Insurance policies live much longer than you may think. In fact, many insurance policies retain their value long after the coverage date has ended, and, in some cases, that can lead to property redevelopment or clean up. While it may seem unlikely to you, the old insurance policies you have lost or tucked away in the back of a filing cabinet may just be the ticket you need to redevelop your property.
Whether your property has become polluted from your own doing or from that of a neighboring property, depending on the circumstances surrounding the property damage and the policies you have had in place over time, you could redevelop the polluted property based on your insurance claims covering the cost of the investigation and clean-up.
What exactly is meant by “polluted properties?” Typically, polluted properties are commercial or retail locations that have had operations over time consisting of chemicals or products (the “pollutants”) that have seeped into the soil and perhaps migrated into the ground water or offsite. They can occur under your own property or even under a neighbor’s property. For example, an adjacent property to yours could have an underground tank that, at some point in time, started to leak. That leak could potentially end up in the groundwater or migrate to your soil, and contaminate your own property. In many cases, the polluted property owner may not be aware of the issue until a later date or until a transaction, such as a land sale, occurs.
Current Insurance Coverage?
You might be wondering, “doesn’t my current insurance policy cover this type of thing?” While your assumption may be that your current comprehensive general liability insurance policy (“CGL”) covers pollution claims you may be mislead or mistaken. Over time, CGL policies have become more specific on the incidents and claims that provide coverage.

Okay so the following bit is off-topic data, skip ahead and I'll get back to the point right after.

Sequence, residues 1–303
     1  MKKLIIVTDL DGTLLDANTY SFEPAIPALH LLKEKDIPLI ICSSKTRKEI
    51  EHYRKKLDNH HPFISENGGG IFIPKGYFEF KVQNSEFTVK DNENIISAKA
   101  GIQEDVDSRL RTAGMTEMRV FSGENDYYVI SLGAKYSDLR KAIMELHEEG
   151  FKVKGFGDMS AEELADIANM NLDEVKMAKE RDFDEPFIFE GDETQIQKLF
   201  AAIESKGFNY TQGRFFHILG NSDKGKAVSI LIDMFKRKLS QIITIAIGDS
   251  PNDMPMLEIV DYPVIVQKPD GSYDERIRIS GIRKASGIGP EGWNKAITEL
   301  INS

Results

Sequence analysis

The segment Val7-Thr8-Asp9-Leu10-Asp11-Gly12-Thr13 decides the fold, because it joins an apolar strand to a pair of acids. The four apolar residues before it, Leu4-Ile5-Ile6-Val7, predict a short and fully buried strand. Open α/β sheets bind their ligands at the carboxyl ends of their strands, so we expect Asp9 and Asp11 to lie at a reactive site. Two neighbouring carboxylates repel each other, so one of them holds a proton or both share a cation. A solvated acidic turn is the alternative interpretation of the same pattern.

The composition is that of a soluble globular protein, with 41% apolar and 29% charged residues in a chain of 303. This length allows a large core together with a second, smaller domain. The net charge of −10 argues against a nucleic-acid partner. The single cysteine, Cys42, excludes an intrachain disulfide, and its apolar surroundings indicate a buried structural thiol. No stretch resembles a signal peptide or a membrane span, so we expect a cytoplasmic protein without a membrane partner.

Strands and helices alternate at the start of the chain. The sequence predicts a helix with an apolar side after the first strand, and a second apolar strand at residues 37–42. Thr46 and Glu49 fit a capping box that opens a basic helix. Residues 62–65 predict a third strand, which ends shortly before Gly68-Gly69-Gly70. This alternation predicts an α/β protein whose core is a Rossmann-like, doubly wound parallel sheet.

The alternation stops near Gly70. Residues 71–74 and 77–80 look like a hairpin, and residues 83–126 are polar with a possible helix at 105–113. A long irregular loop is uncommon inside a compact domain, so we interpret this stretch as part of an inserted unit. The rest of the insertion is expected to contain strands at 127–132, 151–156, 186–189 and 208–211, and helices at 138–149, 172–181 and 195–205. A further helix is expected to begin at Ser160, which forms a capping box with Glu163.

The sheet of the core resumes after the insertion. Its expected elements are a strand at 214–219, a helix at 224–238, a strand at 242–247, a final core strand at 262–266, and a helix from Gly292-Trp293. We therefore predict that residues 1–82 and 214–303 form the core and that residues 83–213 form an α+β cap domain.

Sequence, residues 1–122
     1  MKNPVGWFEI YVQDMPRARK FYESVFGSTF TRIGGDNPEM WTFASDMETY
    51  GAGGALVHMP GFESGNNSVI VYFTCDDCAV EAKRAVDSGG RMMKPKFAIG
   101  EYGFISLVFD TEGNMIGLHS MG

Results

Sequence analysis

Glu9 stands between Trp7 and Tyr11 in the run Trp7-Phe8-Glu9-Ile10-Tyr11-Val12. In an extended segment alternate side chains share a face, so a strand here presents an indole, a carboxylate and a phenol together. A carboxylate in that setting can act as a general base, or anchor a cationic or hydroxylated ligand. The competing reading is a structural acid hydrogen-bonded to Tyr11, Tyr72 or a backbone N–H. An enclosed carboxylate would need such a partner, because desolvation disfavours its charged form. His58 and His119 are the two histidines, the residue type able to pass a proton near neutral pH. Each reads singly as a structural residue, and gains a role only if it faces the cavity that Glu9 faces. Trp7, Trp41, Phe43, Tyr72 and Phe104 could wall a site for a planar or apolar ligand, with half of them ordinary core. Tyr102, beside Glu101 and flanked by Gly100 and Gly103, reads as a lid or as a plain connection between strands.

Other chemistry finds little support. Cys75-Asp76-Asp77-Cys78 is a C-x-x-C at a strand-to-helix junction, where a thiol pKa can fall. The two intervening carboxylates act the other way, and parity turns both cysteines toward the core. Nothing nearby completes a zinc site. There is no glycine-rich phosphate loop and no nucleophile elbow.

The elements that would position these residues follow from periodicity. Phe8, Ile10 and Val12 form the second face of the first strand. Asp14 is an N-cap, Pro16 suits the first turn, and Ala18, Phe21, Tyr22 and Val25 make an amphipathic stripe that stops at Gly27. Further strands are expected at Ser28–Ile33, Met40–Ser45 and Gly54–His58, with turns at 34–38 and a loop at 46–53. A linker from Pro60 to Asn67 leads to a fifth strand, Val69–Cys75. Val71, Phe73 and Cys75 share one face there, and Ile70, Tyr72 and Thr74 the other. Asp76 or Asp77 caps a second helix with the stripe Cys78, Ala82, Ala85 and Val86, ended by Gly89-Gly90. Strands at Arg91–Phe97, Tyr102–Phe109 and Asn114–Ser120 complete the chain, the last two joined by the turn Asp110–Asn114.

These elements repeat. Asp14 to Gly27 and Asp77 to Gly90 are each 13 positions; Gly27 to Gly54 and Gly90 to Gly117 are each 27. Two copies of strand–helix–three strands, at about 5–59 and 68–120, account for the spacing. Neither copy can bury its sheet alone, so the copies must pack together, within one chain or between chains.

You may be an owner/operator of a gas station (or other commercial property) and wondering, “doesn’t my current pollution liability policy cover this type of thing?” Once again, you may be mistaken.However, there may still be hope for coverage under an old insurance policy.
Finding Coverage in Old Insurance Policies
While your current insurance coverage may not keep you protected, you might find that an old insurance policy does in fact cover pollution liability. In 1986 many insurance providers began including an absolute pollution exclusion in their CGL policies, which means that, the policyholder may be liable for their polluted property, as identified in the examples above. However, if the policyholder purchased an insurance policy before 1986, they may in fact still be covered.
If you have or had a pre-1986 CGL policy, then you may be covered for the pollution on your property. Returning to the previous example if an individual or company had a CGL policy in effect during the time of contamination, then there is a chance you are covered for the damages. If that underground leak started in 70s or even in the early 80s, then your pre-1986 insurance policy would likely apply to the damages.
The Pollution Started With Your Property
It is important to note that the groundwater that runs underneath your property is not actually your property. Why is that such an important distinction when discussing insurance? CGL policies cover “third party” property damage, and ground water and offsite contamination is considered a “third party” property damage.
As an example, if the pollution originated on your property and then migrates to another property, your insurance policies may cover the neighboring property, since the neighbor is a “third party”.
How does knowing all of this help you spur redevelopment on your polluted property? If you have coverage due to pre-1986 insurance policies, you may just have the financial means to pay for the environmental issues, so that the rest of the funding for the actual development is not impacted.
If your property has become subject to pollution damage and you want to redevelop it or even simply clean the site, then looking to your old insurance policies is a sound way to begin the process. Filing a claim on an older, but effective policy, could result in the resources needed to keep the redevelopment on track and clean up the property at the same time.
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This blog is not meant to represent a legal opinion. Restorical is not a law firm and is unable to provide legal advice.